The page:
anonjedi2 wrote:Correction - I think you meant Judy Clarke. Marcia Clark was the fake attorney in the fake OJ trial.
“There were penetrating wounds, people that were impaled with metal, glass. There were burns, there were amputations, cardiac arrest, several children with injuries,” she said. “We have had training, but we never had real wounds. You know, you’re training has always been simulation, where you are told that this is what’s coming in, but you never see it. Yesterday I saw it. I hope I never have to live through that again.”
She was tending to an Army Veteran who, along with a group of comrades, had just traversed the entire length of the marathon course in full gear, including fatigues, full backpack, combat boots and photos of brothers-in-arms who had never made it back home.
Moments later, back-to-back bomb blasts in Copley Square triggered instincts in both heroes and spurred them to the duties for which they'd been trained.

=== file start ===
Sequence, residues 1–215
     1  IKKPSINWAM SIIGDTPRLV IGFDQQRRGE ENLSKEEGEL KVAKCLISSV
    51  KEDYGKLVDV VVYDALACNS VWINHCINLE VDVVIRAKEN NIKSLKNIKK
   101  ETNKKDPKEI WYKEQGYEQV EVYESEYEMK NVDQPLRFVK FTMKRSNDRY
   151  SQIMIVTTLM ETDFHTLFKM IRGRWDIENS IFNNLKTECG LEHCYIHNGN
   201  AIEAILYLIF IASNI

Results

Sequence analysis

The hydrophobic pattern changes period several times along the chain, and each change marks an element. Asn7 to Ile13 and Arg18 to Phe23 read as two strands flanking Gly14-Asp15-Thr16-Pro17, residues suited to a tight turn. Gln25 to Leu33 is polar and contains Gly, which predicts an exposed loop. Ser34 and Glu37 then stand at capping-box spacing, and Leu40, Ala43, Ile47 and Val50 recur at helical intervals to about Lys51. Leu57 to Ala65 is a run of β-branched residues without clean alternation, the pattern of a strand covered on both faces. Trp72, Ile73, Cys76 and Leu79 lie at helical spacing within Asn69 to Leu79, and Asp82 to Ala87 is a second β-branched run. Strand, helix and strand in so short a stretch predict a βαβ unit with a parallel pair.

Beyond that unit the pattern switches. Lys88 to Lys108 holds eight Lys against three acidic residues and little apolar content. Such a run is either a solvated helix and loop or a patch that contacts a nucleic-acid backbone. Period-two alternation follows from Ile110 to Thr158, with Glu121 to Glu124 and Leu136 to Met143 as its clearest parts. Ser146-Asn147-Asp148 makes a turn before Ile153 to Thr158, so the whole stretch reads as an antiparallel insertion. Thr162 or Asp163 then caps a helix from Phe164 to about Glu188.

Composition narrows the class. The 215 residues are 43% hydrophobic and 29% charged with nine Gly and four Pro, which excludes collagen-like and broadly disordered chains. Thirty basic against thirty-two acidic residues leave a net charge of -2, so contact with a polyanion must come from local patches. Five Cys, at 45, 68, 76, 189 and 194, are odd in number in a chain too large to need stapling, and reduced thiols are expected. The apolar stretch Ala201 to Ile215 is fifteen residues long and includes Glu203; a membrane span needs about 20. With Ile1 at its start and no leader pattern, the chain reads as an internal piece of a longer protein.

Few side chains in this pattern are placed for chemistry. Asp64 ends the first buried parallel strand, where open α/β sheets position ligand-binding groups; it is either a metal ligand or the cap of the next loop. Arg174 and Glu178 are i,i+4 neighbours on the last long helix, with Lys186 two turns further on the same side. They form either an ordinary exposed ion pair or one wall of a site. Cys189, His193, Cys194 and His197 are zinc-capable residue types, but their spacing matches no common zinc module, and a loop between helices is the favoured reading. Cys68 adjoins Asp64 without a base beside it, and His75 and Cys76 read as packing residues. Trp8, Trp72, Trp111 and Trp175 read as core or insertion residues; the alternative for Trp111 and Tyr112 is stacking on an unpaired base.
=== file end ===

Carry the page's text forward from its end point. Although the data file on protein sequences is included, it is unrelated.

Just then, I heard a sudden loud noise and felt a vibration shake the ground under me. From the look on the Rucker’s face, I knew he’d heard that sound before. I asked if he’d served overseas; he quietly replied, “Yes.” I tried to allay his fears by telling him we’d be okay. He told me to do my job, and said he was going to do his. In an instant, his job had changed from marching to honor fallen service members to joining his fellow Tough Ruckers helping to secure the area and evacuate the wounded. My job had changed from treating dehydration and sore feet to coping with a disaster none of us could have anticipated.
fbenario wrote:Got her nursing degree at age 16? No, it doesn't seem right.
sacredcowslayer wrote:Finally, if you or any members have a legal question I'll be glad to answer (where appropriate of course) as best I can.
Boston (CNN)Dzhokhar Tsarnaev's attorney made one thing clear during her opening statement in the Boston Marathon bombing trial: He did it.
"It was him," defense attorney Judy Clarke told jurors.
starfish prime wrote:Conventional medicine seems to have little value beyond addressing traumatic injury, though even that is becoming questionable, with medical articles such as this one from the Journal of Trauma and Acute Care Surgery, based on the ridiculous "improvised tourniquets" of the Boston Marathon hoax:
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